The Latino Academy is seeking two-three interns who will specialize in either employment or education. Interns are asked to work at least 8-10 hours a week.
: Duties will include the bi-weekly newsletter (in English), assisting with Facebook communications (in Spanish), assisting with marketing efforts such as flyer creation and daily student calls for classes and special news.
: Assist in creating GED intervention material for students, assist with creating and presenting resume and soft skills workshops, assist with grading and academic planning with students.
Social Services Intern
: Work one-on-one with Latino Academy students (speak in Spanish) and help apply for employment, tutor GED social studies students (Tues/Thurs), call students for class reminders etc. * All categories include clerical and administrative assistance.
We are also seeking volunteers to help out with various events and programs. This is another great opportunity to connect with members of the community and practice speaking Spanish.
We are currently accepting applications for
Consular Fellows - Spanish positions.
New hires who commit to a four-year service agreement will be eligible to receive a recruitment incentive of up to 10% of their basic salary. This incentive would be paid in two installments: one upon completion of the first two-year assignment, and the second at the end of the second two-year assignment (48 months service). Consular Fellows may be eligible to participate in the Department's Student Loan Repayment Program (SLRP) at any post in which they serve when they sign an initial three-year service agreement. For more information on the program, click
Applicants must be U.S. citizens, at least 20 years old to apply and at least 21 years of age to be appointed. By law, all candidates must be appointed to the Foreign Service prior to the month in which they reach age 60, except for preference eligible veterans. Applicants must also be available for worldwide service, and be able to obtain all required security, medical and suitability clearances.
We appreciate your interest in the U.S. Department of State.
Fall 2016 Language Institute Events
Marketing Your Language Skills: Drop-in Career Fair Preparation
Mid-September, location TBD
Your language skills and international experiences can help you WOW recruiters at the Fall Internship and Career Fair! Stop by to meet with International Directions Advisor Michael Kruse to find out how. Bring your resume.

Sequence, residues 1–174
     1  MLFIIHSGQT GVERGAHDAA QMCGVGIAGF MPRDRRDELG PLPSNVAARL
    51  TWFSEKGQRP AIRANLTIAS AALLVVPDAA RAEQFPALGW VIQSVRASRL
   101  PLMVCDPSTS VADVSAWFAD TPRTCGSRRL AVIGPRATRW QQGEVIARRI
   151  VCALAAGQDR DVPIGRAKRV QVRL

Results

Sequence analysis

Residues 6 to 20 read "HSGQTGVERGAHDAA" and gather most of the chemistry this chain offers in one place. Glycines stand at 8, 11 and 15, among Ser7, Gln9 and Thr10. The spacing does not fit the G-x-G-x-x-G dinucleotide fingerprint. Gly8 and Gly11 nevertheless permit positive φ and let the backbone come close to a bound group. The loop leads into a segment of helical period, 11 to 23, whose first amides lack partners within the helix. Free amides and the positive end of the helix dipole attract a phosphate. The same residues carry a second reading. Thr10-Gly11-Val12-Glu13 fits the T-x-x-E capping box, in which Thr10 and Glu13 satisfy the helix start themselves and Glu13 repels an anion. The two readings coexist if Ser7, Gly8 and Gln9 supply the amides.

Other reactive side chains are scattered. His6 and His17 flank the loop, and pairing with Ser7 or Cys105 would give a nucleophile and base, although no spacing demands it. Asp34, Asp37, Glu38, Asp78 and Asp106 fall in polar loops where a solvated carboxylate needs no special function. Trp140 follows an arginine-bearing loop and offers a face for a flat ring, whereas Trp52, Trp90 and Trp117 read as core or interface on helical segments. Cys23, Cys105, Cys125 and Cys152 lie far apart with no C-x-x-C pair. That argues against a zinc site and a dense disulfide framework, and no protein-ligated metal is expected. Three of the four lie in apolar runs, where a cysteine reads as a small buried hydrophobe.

International Careers: Making Global Connections
Wednesday, Sep. 28; 4:00 pm
Career and internship advisors will discuss what UW alumni have done with their international backgrounds to better understand the career development process, to help you figure out your next steps in developing your own search strategies and how to build your network. An overview of international internships and upcoming summer program deadlines will also be provided.
Use Your Words: Careers in Translation and Interpreting
Considering a career in the fast-growing fields of translation and interpreting, but wondering how to get started? Come to this workshop series to learn how to gain experience, build your expertise, find work, and more! Presented by UW-Madison alumni working as translators and interpreters in the Madison area.
Monday, Oct. 3; 5:00 pm
Monday, Oct. 10; 5:00 pm
Monday, Oct. 3; 5:00 pm
International Career Connections: Alumni Mentoring
Thursday, Nov. 17; 6:00 pm
UW-Madison alumni are coming to campus and they want to talk to you about their careers and yours! Come to meet and network with alumni who took their international experiences to work with them in a broad range of career areas, from business to education, science to communication. Learn about the paths that former students took to get where they are today and get advice for your own next steps. Refreshments will be provided.
The Information Specialist Internship Program (ISIP) is accepting applications for Fall 2016!
ISIP is a two year, paid internship/career exploration opportunity that is designed to increase diversity in librarianship and information specialist professions.